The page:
3000 solved problems in physics

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3000 solved problems in physics
by
Alvin Halpern, Ph.D.
Brooklyn College
SCHAUM'S OUTLINE SERIES
McGraw-Hili
New York San Francisco Washington, D.C. Auckland Bogota
Caracas Lisbon London Madrid Mexico City Milan
Montreal New Delhi San Juan Singapore
Sydney Tokyo Toronto
•
Alvin Halpern. Ph.D .• Professor of Physics at Brooklyn College
Dr. Halpern has extensive teaching experience in physics and is the chairman of
the physics department at Brooklyn College. He is a member of the executive
committee for the doctoral program in physics at CUNY and has written numerous
research articles.
Project supervision was done by The Total Book.
Index by Hugh C. Maddocks, Ph.D.
Library of Congress Cataloging-in-Publication Data
Halpern, Alvin M.
Schaum's 3000 solved problems in physics.
I. Physics-Problems, exercises, etc. I. Title.
II. Title: Schaum's three thousand solved problems
in physics.
QC32.H325 1988
530'.076
87-31075
ISBN 0-07-025636-5
14 15 16 17 18 19 VLP VLP 0 5 4 3 2
ISBN 0-07-025734-5
(Formerly published under ISBN 0-07-025636-5.)
Copyright © 1988 The McGraw-Hill Companies, Inc. All rights reserved. Printed
in the United States of America. Except as permitted under the United States
Copyright Act of 1976, no part of this publication may be reproduced or
distributed in any form or by any means, or stored in a data base or retrieval
system, without the prior written permission of the publisher.
McGraw-Hill
A Division ofTheMcGraw·HiU
~
Companies
CONTENTS
ix
CHAPTER SKELETONS WITH EXAMS
Chapter 1 MATHEMATICAL
1
INTRODUCTION
1.1 Planar Vectors, Scientific Notation, and Units / 1.2 Three-Dimensional
and Cross Products
Chapter 2
EQUILIBRIUM
OF CONCURRENT
Vectors; Dot
21
FORCES
2.1 Ropes, Knots, and Frictionless Pulleys / 2.2 Friction and Inclined Planes /
2.3 Graphical and Other Problems
Chapter 3
KINEMATICS
Chapter 4
NEWfON'S
36
IN ONE DIMENSION
3.1 Dimensions and Units; Constant-Acceleration
Problems
51
LAWS OF MOTION
4.1 Force, Mass, and Acceleration / 4.2 Friction; Inclined Planes; Vector
Notation / 4.3 Two-Object and Other Problems
Chapter 5
76
MOTION IN A PLANE I
5.1 Projectile Motion / 5.2 Relative Motion
94
Chapter 6 MOTION IN A PLANE II
6.1 Circular Motion; Centripetal Force / 6.2 Law of Universal Gravitation; Satellite
Motion / 6.3 General Motion in a Plane
Chapter 7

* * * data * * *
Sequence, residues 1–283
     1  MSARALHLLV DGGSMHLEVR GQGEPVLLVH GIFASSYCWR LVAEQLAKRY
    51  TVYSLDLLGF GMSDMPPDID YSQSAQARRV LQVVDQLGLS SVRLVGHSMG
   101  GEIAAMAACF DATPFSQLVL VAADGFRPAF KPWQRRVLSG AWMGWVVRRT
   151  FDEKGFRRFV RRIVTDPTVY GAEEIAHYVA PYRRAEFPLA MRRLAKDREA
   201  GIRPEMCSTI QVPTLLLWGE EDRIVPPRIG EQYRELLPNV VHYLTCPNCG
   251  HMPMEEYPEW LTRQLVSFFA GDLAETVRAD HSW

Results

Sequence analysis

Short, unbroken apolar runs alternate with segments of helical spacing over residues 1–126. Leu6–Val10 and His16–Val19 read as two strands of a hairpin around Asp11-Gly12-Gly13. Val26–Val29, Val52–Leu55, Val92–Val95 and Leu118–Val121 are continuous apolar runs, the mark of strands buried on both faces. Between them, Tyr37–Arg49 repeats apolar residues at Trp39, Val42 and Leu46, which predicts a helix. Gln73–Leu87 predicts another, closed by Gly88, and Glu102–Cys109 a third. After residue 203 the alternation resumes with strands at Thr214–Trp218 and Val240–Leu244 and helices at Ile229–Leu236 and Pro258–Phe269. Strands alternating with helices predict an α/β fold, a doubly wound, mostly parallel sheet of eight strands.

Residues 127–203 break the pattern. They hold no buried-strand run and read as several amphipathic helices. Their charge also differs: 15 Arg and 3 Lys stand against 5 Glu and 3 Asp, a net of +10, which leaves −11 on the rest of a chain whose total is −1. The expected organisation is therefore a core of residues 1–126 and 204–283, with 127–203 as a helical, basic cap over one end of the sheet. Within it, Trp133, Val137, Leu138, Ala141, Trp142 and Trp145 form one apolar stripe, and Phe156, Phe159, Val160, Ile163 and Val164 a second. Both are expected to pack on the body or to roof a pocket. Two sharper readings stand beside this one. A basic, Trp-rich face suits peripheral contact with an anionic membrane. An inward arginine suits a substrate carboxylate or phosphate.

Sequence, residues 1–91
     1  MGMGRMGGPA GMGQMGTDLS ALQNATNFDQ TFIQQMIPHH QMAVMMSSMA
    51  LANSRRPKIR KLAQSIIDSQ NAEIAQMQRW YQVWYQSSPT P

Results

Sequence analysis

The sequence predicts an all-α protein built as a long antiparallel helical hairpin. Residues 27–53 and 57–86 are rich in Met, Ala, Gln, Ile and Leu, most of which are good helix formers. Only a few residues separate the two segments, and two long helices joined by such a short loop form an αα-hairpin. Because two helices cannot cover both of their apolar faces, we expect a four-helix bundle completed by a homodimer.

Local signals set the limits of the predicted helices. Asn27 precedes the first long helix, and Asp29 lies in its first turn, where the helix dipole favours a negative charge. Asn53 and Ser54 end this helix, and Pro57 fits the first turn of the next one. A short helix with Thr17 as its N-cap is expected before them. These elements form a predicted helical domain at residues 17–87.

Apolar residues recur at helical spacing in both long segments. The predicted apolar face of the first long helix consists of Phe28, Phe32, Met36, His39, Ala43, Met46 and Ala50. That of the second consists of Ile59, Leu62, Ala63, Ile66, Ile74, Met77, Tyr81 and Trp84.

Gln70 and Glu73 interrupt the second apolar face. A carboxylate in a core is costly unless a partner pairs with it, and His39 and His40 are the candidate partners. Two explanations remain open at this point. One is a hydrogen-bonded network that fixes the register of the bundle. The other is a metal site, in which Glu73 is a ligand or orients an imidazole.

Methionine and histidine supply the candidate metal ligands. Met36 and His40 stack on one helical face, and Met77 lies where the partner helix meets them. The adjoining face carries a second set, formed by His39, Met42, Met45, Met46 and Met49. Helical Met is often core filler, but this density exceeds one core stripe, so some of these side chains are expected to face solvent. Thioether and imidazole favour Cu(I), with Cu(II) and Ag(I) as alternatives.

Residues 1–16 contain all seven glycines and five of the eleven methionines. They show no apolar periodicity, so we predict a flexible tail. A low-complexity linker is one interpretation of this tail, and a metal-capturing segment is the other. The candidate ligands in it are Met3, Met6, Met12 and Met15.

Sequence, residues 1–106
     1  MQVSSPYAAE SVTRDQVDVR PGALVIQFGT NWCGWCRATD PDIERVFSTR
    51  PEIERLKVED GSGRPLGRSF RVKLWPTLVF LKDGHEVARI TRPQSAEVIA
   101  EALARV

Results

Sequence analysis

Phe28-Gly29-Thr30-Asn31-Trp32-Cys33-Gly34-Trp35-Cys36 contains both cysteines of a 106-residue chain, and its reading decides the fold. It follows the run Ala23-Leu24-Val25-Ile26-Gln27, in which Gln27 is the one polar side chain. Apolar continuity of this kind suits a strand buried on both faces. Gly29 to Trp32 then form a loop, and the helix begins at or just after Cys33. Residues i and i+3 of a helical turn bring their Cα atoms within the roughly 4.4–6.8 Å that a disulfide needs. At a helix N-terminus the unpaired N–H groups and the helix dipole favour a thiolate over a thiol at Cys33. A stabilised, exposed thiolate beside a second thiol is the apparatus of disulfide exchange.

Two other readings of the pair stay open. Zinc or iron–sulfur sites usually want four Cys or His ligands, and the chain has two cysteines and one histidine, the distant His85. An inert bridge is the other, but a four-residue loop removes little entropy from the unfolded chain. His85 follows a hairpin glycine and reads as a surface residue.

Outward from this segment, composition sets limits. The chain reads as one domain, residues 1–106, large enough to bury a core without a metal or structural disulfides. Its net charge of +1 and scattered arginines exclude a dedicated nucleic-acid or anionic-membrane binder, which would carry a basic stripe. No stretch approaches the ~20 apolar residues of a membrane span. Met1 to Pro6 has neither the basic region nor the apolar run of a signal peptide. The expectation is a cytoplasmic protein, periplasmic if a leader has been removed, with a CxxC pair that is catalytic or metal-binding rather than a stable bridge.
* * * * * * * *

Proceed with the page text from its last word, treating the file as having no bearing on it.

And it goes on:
111
WORK AND ENERGY
7.1 Work Done by a Force / 7.2 Work, Kinetic Energy,. and Potential
.Energy / 7.3 Conservation of Mechanical Energy / 7.4 Additional Problems
Chapter 8
136
POWER AND SIMPLE MACHINES
8.1 Power / 8.2 Simple Machines
Chapter 9
146
IMPULSE AND MOMENTUM
9.1 Elementary Problems / 9.2 Elastic Collisions / 9.3 Inelastic Collisions and Ballistic
Pendulums / 9.4 Collisions in Two Dimensions / 9.5 Recoil and Reaction / 9.6 Center
of Mass (see also Chap. 10)
Chapter 10
176
STATICS OF RIGID BODIES
10.1 Equilibrium of Rigid Bodies / 10.2 Center of Mass (Center of Gravity)
Chapter 11 ROTATIONAL
MOTION I: KINEMATICS
AND DYNAMICS
207
11.1 Angular Motion and Torque / 11.2 Rotational Kinematics / 11.3 Torque and
Rotation / 11.4 Moment of Inertia / 11.5 Translational-Rotational
Relationships /
11.6 Problems Involving Cords Around Cylinders, Rolling Objects, etc.
Chapter 12
ROTATIONAL MOTION II: KINETIC ENERGY,
ANGULAR MOMENTUM
ANGULAR
IMPULSE,
228
12.1 Energy and Power / 12.2 Angular Impulse; the Physical Pendulum /
12.3 Angular Momentum
Chapter 13 MATIER
IN BULK
247
13.1 Density and Specific Gravity / 13.2 Elastic Properties
iii
iv
D
CONTENTS
Chapter 14
SIMPLE HARMONIC
MOTION
256
14.1 Oscillations of a Mass on a Spring / 14.2 SHM of Pendulums and Other Systems
Chapter 15
271
HYDROSTATICS
15.1 Pressure and Density / 15.2 Pascal's and Archimedes' Principles; Surface Tension
Chapter 16
285
HYDRODYNAMICS
16.1 Equation of Continuity, Bernoulli's Equation, Torricelli's Theorem /
16.2 Viscosity, Stokes' Law, Poiseuille's Law, Turbulence, Reynolds Number
Chapter 17 TEMPERATURE
AND THERMAL
EXPANSION
297
17.1 Temperature Scales; Linear Expansion / 17.2 Area and Volume Expansion
Chapter 18
HEAT AND CALORIMETRY
307
18.1 Heat and Energy; Mechanical Equivalent of Heat / 18.2 Calqrimetry, Specific
Heats, Heats of Fusion and Vaporization
Chapter 19
19.1 Conduction
Chapter 20
316
HEAT TRANSFER
/ 19.2 Convection / 19.3 Radiation
326
GAS LAWS AND KINETIC THEORY
20.1 The Mole Concept; the Ideal Gas Law / 20.2 Kinetic Theory / 20.3 Atmospheric
Properties; Specific Heats of Solids
Chapter 21
THE FIRST LAW OF THERMODYNAMICS
345
21.1 Basic Thermodynamic Concepts / 21.2 The First Law of Thermodynamics, Internal
Energy, p - V Diagrams, Cyclical Systems
Chapter 22
THE SECOND LAW OF THERMODYNAMICS
357
22.1 Heat Engines; Kelvin - Planck and Clausius Statements of the Second
Law / 22.2 Entropy
Chapter 23
366
WAVE MOTION
23.1 Characteristic Properties
Chapter 24
/ 23.2 Standing Waves and Resonance
379
SOUND
24.1 Sound Velocity; Beats; Doppler Shift / 24.2 Power, Intensity, Reverberation Time,
Shock Waves
Chapter 25
COULOMB'S
LAW AND ELECTRIC
FIELDS
387
25.1 Coulomb's Law of Electrostatic Force / 25.2 The Electric Field; Continuous Charge
Distributions; Motion of Charged Particles in an Electric Field / 25.3 Electric Flux and